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Hoffmann, R. A wiki for the life sciences where authorship matters. Nature Genetics (2008)

The protocadherin PAPC establishes segmental boundaries during somitogenesis in xenopus embryos.

BACKGROUND: One prominent example of segmentation in vertebrate embryos is the subdivision of the paraxial mesoderm into repeating, metameric structures called somites. During this process, cells in the presomitic mesoderm (PSM) are first patterned into segments leading secondarily to differences required for somite morphogenesis such as the formation of segmental boundaries. Recent studies have shown that a segmental pattern is generated in the PSM of Xenopus embryos by genes encoding a Mesp-like bHLH protein called Thylacine 1 and components of the Notch signaling pathway. These genes establish a repeating pattern of gene expression that subdivides cells in the PSM into anterior and posterior half segments, but how this pattern of gene expression leads to segmental boundaries is unknown. Recently, a member of the protocadherin family of cell adhesion molecules, called PAPC, has been shown to be expressed in the PSM of Xenopus embryos in a half segment pattern, suggesting that it could play a role in restricting cell mixing at the anterior segmental boundary. RESULTS: Here, we examine the expression and function of PAPC during segmentation of the paraxial mesoderm in Xenopus embryos. We show that Thylacine 1 and the Notch pathway establish segment identity one segment prior to the segmental expression of PAPC. Altering segmental identity in embryos by perturbing the activity of Thylacine 1 and the Notch pathway, or by treatment with a protein synthesis inhibitor, cycloheximide, leads to the predicted changes in the segmental expression of PAPC. By disrupting PAPC function in embryos using a putative dominant-negative or an activated form of PAPC, we show that segmental PAPC activity is required for proper somite formation as well as for maintaining segmental gene expression within the PSM. CONCLUSIONS: Segmental expression of PAPC is established in the PSM as a downstream consequence of segmental patterning by Thylacine 1 and the Notch pathway. We propose that PAPC is part of the mechanism that establishes the segmental boundaries between posterior and anterior cells in adjacent segments.[1]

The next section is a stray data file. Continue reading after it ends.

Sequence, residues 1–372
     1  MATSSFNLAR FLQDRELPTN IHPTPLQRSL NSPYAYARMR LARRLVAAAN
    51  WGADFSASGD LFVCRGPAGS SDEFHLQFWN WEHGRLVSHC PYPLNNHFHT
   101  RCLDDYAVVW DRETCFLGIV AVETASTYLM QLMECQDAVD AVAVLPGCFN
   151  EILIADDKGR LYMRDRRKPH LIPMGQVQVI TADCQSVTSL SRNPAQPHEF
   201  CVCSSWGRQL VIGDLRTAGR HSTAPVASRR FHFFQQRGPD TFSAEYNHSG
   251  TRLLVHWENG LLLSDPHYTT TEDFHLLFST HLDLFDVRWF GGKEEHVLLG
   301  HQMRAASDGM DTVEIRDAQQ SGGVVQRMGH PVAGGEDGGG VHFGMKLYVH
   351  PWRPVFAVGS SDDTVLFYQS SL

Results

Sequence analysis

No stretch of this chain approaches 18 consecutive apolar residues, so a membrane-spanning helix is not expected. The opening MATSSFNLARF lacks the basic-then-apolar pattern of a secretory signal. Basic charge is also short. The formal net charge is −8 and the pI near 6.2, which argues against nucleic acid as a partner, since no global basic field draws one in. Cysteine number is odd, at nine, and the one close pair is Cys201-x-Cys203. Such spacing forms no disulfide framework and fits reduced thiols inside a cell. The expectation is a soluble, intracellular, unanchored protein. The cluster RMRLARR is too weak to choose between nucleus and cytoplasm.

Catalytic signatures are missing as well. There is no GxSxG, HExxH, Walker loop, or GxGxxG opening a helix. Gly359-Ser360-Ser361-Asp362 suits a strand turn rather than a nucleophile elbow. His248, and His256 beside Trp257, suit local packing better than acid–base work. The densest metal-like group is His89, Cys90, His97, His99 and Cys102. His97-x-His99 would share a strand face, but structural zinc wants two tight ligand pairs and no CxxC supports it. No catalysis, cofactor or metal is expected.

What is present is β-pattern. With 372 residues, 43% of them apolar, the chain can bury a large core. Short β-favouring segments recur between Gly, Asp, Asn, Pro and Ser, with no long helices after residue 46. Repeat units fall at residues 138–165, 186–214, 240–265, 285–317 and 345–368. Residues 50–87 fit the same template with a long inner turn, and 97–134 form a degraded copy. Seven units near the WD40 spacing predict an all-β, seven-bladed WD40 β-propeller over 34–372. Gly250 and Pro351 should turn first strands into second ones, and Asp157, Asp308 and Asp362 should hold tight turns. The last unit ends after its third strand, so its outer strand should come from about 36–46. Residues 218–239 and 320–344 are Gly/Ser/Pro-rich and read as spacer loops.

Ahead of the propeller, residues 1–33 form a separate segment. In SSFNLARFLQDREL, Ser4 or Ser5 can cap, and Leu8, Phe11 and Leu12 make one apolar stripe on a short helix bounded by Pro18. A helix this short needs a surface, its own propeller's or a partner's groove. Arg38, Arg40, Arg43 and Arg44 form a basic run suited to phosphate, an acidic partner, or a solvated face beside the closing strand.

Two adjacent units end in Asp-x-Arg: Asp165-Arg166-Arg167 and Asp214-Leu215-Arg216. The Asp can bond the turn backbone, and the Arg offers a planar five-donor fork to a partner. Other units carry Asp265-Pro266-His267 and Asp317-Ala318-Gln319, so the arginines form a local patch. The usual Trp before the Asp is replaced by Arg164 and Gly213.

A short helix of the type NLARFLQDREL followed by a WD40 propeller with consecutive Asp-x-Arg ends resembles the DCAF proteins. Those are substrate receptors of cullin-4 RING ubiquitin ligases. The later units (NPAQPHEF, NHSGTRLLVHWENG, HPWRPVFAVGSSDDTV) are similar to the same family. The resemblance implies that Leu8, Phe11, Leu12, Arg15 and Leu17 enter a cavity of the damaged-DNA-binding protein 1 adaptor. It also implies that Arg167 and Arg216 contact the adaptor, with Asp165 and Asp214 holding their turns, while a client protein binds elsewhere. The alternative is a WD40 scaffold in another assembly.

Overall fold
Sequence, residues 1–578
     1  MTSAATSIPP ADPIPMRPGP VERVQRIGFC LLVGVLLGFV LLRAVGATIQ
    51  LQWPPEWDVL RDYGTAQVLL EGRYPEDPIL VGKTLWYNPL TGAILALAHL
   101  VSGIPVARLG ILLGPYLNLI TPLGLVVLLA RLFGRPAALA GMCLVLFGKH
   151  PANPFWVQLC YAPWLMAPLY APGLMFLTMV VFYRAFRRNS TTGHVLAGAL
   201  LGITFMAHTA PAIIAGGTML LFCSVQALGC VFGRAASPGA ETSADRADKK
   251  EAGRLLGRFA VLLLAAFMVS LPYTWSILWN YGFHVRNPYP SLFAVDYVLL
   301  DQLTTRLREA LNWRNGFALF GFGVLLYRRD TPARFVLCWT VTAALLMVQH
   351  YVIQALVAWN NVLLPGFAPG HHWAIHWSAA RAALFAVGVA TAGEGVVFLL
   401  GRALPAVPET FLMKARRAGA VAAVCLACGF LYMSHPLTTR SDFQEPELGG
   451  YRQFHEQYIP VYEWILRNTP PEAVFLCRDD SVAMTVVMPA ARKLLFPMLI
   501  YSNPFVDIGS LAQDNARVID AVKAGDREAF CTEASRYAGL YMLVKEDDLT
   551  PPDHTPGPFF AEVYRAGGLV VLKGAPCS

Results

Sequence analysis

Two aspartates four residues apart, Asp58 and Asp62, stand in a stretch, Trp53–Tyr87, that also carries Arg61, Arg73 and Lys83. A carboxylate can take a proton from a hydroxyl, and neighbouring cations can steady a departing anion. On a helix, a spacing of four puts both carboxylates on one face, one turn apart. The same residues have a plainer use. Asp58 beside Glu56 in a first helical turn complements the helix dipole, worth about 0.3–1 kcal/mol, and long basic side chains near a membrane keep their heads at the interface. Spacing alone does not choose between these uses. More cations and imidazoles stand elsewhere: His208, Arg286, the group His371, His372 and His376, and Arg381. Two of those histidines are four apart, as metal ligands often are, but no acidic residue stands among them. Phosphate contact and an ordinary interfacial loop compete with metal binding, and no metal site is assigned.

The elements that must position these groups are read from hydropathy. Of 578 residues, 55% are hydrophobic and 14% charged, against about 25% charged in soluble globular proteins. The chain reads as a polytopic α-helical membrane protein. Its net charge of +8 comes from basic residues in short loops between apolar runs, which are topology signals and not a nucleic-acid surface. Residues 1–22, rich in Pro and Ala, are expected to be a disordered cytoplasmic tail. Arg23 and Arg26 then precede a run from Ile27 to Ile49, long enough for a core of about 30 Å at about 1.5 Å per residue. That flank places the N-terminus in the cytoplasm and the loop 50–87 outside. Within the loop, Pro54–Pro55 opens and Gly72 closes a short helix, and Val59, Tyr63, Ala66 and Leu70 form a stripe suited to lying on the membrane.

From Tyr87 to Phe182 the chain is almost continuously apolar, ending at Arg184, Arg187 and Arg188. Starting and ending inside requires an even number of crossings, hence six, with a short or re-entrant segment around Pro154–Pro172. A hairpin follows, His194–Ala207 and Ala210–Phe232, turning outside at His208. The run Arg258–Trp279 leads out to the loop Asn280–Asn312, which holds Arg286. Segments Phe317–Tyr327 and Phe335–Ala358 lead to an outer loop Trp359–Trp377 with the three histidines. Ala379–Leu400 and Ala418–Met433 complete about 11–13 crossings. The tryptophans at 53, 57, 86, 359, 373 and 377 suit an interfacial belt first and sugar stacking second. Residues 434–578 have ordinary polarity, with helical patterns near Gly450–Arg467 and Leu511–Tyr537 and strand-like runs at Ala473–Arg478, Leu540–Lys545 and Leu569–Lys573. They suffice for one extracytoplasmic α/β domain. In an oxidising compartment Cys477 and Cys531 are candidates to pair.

1. The protocadherin PAPC establishes segmental boundaries during somitogenesis in xenopus embryos. Kim, S.H., Jen, W.C., De Robertis, E.M., Kintner, C. Curr. Biol. (2000) [Pubmed]
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